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How a lunchtime running routine recharged my workday, and 6 steps to starting your own

Do you avoid running because work leaves you too drained to exercise at the end of the day, or the prospect of running in the dark before work feels downright unappealing? Running is one of the most accessible forms of exercise, and yet a 9-5 schedule can make starting a running habit feel impossible.  When […]

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Do you avoid running because work leaves you too drained to exercise at the end of the day, or the prospect of running in the dark before work feels downright unappealing? Running is one of the most accessible forms of exercise, and yet a 9-5 schedule can make starting a running habit feel impossible. 

When I committed to training for a marathon back in the winter of 2019, I was self-aware enough to realize that I wouldn’t stick to my weekday training if I had to wake up in the pre-dawn cold to stumble down snowy streets in a headlamp. Proactively, I shared my goal with my boss, and asked if I could adjust my hours: instead of running at 5:30am, I headed straight to the office. By logging an extra hour of work every morning, I was able to extend my lunch hour three days a week, enough to get in the longer runs that I needed for marathon training, in the middle of the day.

Inadvertently, I created a personal productivity hack that worked wonders: I found that on the days that I escaped the office for a run, I was more focused, positive, and open to  new ideas. The run broke up long workdays, and gave me something to look forward to. On post-run afternoons, I felt transformed – I was friendlier with my coworkers, more patient with customers, and more content to be at work (and I stopped counting down the minutes until I could get out the door to the gym!).

How exactly did the mid-day run make me better at my job?

1. Stronger task management

For starters, I found that after running my focus was sharper, and I checked more off of my to-do list. Explaining this phenomenon, a recent review of literature concluded that aerobic exercise (like running) boosts what psychologists call “executive function” – a set of strategic cognitive skills like working memory and task-switching that help us complete tasks and achieve goals [https://link.springer.com/article/10.3758%2Fs13423-012-0345-4].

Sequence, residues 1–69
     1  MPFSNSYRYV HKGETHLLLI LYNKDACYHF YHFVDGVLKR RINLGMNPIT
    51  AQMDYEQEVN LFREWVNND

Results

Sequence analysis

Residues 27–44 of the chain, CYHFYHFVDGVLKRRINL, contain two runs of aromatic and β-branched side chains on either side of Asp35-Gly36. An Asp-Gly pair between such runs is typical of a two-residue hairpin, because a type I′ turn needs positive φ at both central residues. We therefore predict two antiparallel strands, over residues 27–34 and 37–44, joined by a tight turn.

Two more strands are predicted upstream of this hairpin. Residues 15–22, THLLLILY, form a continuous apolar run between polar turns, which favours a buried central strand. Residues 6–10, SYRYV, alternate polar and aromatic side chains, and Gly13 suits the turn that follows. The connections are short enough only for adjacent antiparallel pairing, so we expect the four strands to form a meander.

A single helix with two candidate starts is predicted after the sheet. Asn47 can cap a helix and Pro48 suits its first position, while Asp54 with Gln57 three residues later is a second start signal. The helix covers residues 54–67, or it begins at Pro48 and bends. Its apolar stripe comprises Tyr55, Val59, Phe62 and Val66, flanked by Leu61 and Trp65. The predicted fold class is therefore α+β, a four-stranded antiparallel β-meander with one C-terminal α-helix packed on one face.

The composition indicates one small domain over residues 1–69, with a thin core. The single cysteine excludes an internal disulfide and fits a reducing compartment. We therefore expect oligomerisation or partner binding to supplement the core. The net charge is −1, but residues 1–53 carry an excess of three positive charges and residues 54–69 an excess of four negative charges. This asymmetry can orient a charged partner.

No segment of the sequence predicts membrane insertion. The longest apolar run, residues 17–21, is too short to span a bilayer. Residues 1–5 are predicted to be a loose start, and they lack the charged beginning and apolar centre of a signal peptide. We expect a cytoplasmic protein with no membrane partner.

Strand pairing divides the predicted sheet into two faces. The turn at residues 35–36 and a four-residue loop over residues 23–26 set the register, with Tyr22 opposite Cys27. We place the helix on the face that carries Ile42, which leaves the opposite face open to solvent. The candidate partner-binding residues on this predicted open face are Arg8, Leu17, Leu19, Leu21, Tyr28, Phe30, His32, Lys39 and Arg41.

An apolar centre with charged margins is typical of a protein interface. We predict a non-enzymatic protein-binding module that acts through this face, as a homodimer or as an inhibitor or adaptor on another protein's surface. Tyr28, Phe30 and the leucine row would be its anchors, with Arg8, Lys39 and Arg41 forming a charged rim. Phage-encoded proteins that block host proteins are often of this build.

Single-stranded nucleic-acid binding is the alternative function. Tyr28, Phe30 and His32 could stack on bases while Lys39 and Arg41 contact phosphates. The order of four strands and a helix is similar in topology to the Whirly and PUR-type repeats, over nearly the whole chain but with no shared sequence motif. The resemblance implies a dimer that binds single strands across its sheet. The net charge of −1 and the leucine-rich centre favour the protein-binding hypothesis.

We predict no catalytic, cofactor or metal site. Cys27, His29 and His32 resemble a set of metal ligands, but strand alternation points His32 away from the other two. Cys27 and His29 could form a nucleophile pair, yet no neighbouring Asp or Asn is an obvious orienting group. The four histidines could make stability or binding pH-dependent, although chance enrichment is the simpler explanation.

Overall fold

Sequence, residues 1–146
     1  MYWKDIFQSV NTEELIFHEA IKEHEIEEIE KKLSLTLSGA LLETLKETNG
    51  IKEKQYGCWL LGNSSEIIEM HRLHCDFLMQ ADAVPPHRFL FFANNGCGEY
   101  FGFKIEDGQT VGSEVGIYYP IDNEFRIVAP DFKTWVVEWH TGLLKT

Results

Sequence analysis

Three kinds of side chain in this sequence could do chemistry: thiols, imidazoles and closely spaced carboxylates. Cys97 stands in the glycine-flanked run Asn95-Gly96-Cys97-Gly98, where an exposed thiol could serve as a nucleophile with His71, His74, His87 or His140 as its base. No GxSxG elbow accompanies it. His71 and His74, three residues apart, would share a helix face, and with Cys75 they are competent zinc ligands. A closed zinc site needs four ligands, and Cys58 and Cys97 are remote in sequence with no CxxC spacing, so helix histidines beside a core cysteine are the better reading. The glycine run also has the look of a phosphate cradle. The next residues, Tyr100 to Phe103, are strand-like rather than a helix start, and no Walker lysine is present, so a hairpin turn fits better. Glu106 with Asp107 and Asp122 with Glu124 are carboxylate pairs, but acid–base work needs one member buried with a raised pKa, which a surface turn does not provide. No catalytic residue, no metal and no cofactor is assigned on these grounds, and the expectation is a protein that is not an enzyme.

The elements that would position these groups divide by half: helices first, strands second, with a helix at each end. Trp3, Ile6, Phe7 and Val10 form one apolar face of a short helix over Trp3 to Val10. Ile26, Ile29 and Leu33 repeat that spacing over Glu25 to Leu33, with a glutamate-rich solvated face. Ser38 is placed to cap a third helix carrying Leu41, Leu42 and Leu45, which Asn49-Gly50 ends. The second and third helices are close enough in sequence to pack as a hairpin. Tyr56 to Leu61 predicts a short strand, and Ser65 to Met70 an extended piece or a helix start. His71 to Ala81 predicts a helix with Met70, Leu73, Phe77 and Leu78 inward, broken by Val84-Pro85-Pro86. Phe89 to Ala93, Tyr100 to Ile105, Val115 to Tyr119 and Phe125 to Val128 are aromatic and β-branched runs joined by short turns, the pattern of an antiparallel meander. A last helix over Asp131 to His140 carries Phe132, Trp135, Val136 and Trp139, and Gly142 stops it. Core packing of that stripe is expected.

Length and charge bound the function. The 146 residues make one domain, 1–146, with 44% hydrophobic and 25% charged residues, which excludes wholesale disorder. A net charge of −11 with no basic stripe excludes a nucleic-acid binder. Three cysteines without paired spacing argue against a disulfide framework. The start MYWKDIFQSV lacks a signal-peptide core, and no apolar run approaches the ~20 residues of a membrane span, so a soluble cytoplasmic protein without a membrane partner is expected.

2. Resistance to stress

From challenging colleagues to last-minute demands, workplace stress impacted me less on days when I got out for my run. I left the office less tense, and ruminated over negative events less frequently. While the mechanism for how running can act as a stress-buffer still remains to be explored, it’s not surprising that a research review found that exercise like my lunchtime runs “confers enduring resilience to stress” [https://pubmed.ncbi.nlm.nih.gov/11148895/].

3. Increased creativity

Finally, escaping my office to run unlocked my creativity during mid-day roadblocks, and helped me envision problems from new angles. Indeed, psychologists at the University of Aberdeen have found that the brain associates forward motion with the future [https://abdn.pure.elsevier.com/en/publications/the-meandering-mind-vection-and-mental-time-travel]. Could it be that simply moving through space while on the run prompted me to problem-solve in new perspectives?

6 strategies to make your lunch-hour workout a reality

While the benefits are enticing, the logistics of a lunchtime routine can be daunting. Consider these 6 tips to overcome any hurdles to getting started on your own lunchtime routine

1. Adjust your work schedule

If you’re able to, adjust your work hours to come in earlier or leave later, so that you can take a longer lunch. Plan in advance which days you’ll run, and block that time off on your calendar as unavailable. Guard your lunchtime run commitment – don’t let others schedule over it!

2. Map your route

Use google maps to explore the area surrounding your office, and find a suitable running route. You may be surprised to find a hidden path or park that you’ve never noticed from your commute. Ideally, choose a route that will allow you to escape at least partially into nature.

3. Start easy

Save high intensity runs for the weekend, or after work. After all, you want your lunchtime workout to wake you up, not leave you drained. Ease into your new habit gradually, especially if running is new for you.

4. Pack snacks

Pack a lunch the night before, so that you’ll have simple, high energy items available when you finish your run. By stocking your desk with foods that you can snack on while reading emails or catching up on paperwork, you won’t have to waste precious run-time on procuring your lunch.

5. Plan for efficient outfit changes

If you aren’t working from home and your workplace doesn’t offer a locker room, consider investing in a membership at a nearby gym. Or, If you’re a less sweaty runner than I am, could you pack towelettes and deodorant, and forego a post-run shower? Pack a gym bag with everything you’ll need, so you can focus on your run instead of on the stress of getting re-dressed for work.

6. Make it a team effort

Are there one or two other people in your office who might be interested in starting a running club? Finding a workout buddy within your office can be a sure way to stick to your personal commitment, as you can hold each other accountable. Plus, running with coworkers can help you build connections and camaraderie, and allow you to discuss work challenges in a new light. 

The takeaway. 

A mid-day run could be your secret weapon to energizing your daily routine. The mental benefits are clear: from focus, to resilience, to creativity, running rewires our brains for the better. All it takes is a little flexibility and ingenuity to fit this super-powered brain boost into your day.

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